Defense Advanced Research Projects AgencyTagged Content List

Supervised Autonomy

Automated capabilities with human supervision; "human in the loop"

Showing 12 results for Autonomy + Maritime RSS
In addition to the six technical offices that manage the Agency’s research portfolio, DARPA operates the Adaptive Execution Office , a support office chartered to accelerate the transition of game-changing DARPA technologies into Department of Defense capabilities. AEO provides DARPA with robust connections to the warfighter community and assists the Agency with the planning and execution of technology demonstrations and field trials to promote adoption by the Services.
DARPA’s Distributed Agile Submarine Hunting (DASH) Program has tested two complementary prototype systems as part of its Phase 2 development effort. The prototypes demonstrated functional sonar, communications and mobility at deep depths. The successful tests furthered DASH’s goals to apply advances in deep-ocean distributed sonar to help find and track quiet submarines.
Initiated in 2009 in collaboration with the U.S. Navy and U.S. Air Force, DARPA’s Long Range Anti-Ship Missile (LRASM) program has been investing in advanced technologies to provide a leap ahead in U.S. surface warfare capability. The LRASM program aims to reduce dependence on intelligence, surveillance and reconnaissance platforms, network links and GPS navigation in electronic warfare environments while providing innovative terminal survivability approaches and precision lethality in the face of advanced countermeasures. After LRASM prototypes completed two successful flight tests in 2013, LRASM transitioned from a DARPA technology demonstration program to a formal U.S. Navy program of record in February 2014, with fielding set for 2018.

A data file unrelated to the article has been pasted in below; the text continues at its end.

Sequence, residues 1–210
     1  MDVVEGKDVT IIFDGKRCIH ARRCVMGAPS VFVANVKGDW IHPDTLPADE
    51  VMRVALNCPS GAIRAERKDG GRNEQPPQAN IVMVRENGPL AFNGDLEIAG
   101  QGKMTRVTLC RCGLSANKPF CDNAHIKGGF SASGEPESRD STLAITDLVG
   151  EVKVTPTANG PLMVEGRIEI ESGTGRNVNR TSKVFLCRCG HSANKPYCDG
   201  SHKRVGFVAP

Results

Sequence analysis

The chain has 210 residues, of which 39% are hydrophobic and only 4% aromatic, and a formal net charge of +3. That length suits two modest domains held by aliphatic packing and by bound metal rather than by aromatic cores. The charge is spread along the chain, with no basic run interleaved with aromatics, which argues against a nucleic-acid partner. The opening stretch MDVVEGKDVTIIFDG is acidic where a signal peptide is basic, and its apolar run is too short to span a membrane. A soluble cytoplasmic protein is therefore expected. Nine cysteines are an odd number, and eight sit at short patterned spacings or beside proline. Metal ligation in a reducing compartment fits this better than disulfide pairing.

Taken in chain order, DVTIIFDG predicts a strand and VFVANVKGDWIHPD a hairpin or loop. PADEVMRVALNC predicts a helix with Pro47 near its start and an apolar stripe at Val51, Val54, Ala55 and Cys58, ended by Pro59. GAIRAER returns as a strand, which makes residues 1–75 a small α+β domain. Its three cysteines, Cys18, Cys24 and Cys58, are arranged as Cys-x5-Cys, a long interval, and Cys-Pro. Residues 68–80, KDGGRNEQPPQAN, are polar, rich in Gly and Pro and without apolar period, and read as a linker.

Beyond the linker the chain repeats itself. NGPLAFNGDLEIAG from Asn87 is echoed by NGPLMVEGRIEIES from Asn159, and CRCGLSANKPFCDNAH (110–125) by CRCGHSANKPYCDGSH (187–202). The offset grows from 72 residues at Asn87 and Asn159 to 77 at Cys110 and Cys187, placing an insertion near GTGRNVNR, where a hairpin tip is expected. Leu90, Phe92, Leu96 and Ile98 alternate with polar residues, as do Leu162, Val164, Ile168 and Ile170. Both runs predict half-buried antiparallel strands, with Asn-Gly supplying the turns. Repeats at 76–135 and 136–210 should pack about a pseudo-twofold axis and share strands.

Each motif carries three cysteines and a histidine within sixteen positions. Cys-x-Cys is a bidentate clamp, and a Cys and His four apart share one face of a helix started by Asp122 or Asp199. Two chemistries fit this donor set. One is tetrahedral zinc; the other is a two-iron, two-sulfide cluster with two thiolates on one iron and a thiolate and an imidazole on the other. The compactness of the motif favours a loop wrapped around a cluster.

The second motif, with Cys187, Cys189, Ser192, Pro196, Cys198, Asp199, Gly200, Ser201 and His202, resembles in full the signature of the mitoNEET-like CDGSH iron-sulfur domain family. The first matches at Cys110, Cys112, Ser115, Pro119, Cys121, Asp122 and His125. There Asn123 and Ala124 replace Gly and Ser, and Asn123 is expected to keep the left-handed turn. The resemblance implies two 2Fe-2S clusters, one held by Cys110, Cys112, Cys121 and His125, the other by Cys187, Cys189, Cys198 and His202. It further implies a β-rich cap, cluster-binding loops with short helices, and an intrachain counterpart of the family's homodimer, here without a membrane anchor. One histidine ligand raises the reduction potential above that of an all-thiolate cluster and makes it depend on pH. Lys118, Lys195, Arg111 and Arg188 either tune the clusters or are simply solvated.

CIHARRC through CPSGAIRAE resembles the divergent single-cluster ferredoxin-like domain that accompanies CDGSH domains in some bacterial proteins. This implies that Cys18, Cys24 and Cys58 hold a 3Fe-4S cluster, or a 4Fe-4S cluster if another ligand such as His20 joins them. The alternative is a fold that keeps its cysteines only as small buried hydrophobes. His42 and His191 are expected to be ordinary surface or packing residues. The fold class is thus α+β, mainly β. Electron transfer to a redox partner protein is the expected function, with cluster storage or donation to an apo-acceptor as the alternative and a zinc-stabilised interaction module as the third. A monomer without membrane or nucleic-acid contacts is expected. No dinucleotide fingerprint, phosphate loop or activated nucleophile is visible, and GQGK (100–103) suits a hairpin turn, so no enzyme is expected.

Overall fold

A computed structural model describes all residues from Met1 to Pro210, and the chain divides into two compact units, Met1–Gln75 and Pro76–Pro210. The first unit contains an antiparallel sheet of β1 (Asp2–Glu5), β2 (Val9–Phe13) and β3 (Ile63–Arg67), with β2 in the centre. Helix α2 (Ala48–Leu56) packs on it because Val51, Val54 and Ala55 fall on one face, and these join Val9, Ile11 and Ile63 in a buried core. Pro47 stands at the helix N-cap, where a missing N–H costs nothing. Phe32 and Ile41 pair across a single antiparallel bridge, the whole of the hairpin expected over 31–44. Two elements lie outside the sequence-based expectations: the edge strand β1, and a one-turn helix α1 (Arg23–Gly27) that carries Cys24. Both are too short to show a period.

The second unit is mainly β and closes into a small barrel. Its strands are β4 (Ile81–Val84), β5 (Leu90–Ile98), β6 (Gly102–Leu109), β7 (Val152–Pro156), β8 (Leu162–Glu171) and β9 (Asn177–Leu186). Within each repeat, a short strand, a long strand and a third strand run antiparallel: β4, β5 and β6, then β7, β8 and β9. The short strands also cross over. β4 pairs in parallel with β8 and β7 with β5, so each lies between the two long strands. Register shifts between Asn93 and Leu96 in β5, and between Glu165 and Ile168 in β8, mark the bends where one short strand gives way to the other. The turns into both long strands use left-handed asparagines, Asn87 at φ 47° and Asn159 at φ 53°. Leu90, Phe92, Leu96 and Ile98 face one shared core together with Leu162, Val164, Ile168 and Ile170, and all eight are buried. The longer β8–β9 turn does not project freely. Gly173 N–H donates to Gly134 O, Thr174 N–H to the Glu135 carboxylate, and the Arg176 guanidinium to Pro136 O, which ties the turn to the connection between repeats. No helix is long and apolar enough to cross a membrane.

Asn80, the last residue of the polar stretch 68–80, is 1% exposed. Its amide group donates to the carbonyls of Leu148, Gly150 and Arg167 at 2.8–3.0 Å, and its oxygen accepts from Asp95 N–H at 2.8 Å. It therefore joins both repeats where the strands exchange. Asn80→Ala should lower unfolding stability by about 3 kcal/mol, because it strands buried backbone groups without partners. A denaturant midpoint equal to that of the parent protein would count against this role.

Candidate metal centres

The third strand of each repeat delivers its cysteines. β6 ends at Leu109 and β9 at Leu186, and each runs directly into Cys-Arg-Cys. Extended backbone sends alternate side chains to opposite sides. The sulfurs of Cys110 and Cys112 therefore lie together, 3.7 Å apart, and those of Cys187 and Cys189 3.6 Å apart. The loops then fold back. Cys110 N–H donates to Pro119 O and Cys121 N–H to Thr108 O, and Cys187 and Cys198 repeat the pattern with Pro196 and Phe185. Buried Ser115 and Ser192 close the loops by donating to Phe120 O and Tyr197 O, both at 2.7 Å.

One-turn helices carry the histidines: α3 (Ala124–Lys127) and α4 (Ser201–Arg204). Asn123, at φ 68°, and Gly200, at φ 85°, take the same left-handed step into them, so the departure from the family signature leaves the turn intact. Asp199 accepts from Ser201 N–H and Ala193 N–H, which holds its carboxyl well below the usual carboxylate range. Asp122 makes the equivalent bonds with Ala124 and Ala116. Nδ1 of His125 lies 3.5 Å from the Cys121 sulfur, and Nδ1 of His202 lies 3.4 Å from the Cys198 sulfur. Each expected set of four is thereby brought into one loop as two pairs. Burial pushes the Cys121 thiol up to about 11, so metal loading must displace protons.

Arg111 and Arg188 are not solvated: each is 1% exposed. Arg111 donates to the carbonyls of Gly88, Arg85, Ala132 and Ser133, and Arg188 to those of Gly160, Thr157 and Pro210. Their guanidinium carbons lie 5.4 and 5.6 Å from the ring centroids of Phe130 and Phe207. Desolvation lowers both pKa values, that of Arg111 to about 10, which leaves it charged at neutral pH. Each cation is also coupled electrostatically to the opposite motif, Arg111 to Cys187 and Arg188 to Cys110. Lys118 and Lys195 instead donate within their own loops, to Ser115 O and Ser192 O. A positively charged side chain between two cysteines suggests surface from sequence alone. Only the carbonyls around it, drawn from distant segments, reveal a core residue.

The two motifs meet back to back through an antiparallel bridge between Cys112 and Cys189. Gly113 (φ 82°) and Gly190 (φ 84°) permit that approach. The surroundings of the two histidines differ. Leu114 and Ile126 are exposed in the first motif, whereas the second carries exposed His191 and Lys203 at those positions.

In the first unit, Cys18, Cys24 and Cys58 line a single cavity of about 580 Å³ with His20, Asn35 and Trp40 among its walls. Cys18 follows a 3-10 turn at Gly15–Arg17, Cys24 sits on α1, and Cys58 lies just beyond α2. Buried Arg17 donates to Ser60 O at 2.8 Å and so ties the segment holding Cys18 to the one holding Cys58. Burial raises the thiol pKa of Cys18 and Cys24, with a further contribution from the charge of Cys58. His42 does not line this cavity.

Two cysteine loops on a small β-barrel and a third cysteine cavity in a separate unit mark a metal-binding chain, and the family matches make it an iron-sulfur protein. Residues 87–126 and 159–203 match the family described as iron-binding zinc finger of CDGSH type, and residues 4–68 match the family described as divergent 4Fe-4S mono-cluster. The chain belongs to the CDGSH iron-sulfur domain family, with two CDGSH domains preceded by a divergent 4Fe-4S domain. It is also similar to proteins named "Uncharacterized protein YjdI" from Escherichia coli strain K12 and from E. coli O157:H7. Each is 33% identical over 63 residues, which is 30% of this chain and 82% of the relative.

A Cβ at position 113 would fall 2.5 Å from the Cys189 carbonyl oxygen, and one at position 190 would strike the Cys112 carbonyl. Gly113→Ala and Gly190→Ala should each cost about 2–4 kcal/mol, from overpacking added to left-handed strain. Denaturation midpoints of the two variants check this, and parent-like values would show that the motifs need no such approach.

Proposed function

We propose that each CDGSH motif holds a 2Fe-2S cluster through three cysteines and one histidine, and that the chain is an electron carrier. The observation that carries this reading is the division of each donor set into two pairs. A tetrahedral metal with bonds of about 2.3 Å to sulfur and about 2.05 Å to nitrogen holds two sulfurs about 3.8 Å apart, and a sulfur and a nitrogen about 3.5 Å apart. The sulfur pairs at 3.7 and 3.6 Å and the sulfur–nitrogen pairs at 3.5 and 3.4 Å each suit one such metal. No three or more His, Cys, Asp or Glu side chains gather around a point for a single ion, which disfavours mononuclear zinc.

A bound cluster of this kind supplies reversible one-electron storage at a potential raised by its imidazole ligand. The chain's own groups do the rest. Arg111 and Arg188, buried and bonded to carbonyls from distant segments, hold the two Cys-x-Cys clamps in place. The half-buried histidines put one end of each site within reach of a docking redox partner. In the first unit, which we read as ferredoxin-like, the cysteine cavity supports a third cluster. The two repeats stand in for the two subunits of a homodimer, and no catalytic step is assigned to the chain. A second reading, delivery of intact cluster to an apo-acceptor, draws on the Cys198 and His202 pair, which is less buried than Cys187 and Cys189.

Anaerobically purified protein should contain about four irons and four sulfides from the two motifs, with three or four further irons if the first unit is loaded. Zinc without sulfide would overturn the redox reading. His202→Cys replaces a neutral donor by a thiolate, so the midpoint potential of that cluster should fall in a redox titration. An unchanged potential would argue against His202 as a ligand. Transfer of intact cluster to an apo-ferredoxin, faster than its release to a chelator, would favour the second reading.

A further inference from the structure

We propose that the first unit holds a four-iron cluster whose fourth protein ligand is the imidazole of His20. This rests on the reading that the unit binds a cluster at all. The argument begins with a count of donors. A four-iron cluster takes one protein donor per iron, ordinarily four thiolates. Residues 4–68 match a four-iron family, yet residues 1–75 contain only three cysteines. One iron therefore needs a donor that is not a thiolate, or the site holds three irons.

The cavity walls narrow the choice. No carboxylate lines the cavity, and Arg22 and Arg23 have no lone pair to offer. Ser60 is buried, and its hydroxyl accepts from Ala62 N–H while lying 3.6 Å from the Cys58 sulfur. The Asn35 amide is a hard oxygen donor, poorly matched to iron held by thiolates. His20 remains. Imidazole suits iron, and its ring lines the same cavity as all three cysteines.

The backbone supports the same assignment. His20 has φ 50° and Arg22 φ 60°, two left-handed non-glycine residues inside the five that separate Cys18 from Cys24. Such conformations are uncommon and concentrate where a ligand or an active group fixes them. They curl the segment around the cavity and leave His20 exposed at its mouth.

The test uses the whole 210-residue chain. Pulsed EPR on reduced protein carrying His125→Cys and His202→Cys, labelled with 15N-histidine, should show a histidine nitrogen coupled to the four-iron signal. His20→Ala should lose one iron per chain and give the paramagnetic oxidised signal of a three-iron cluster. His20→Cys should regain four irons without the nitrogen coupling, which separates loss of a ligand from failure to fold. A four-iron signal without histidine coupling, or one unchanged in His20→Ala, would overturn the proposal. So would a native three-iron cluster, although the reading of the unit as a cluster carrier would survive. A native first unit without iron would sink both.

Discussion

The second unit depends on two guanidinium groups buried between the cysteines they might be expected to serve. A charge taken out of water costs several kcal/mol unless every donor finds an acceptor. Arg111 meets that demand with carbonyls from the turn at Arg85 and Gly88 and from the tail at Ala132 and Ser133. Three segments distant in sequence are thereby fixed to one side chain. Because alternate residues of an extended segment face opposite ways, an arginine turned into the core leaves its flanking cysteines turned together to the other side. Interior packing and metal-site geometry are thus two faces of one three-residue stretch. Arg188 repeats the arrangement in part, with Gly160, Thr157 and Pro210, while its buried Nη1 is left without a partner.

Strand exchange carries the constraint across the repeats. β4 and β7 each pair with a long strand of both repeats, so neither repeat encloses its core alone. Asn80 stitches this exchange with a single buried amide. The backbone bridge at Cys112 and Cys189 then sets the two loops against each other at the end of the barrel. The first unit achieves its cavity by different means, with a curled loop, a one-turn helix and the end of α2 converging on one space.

DARPA’s Anti-Submarine Warfare (ASW) Continuous Trail Unmanned Vessel (ACTUV) program seeks to develop a new type of unmanned surface vessel that could independently track adversaries’ ultra-quiet diesel-electric submarines over thousands of miles. One of the challenges that the ACTUV program is addressing is development of autonomous behaviors for complying with the International Regulations for Preventing Collisions at Sea, known as COLREGS. Substantial progress has been made in developing and implementing those behaviors.
DARPA today is holding a christening ceremony for the technology demonstration vessel it has developed and built through the Agency’s Anti-Submarine Warfare (ASW) Continuous Trail Unmanned Vessel (ACTUV) program. Taking place in Portland, Oregon, the event marks the vessel’s formal transition from a DARPA-led design and construction project to a new stage of open-water testing to be conducted jointly with the Office of Naval Research (ONR).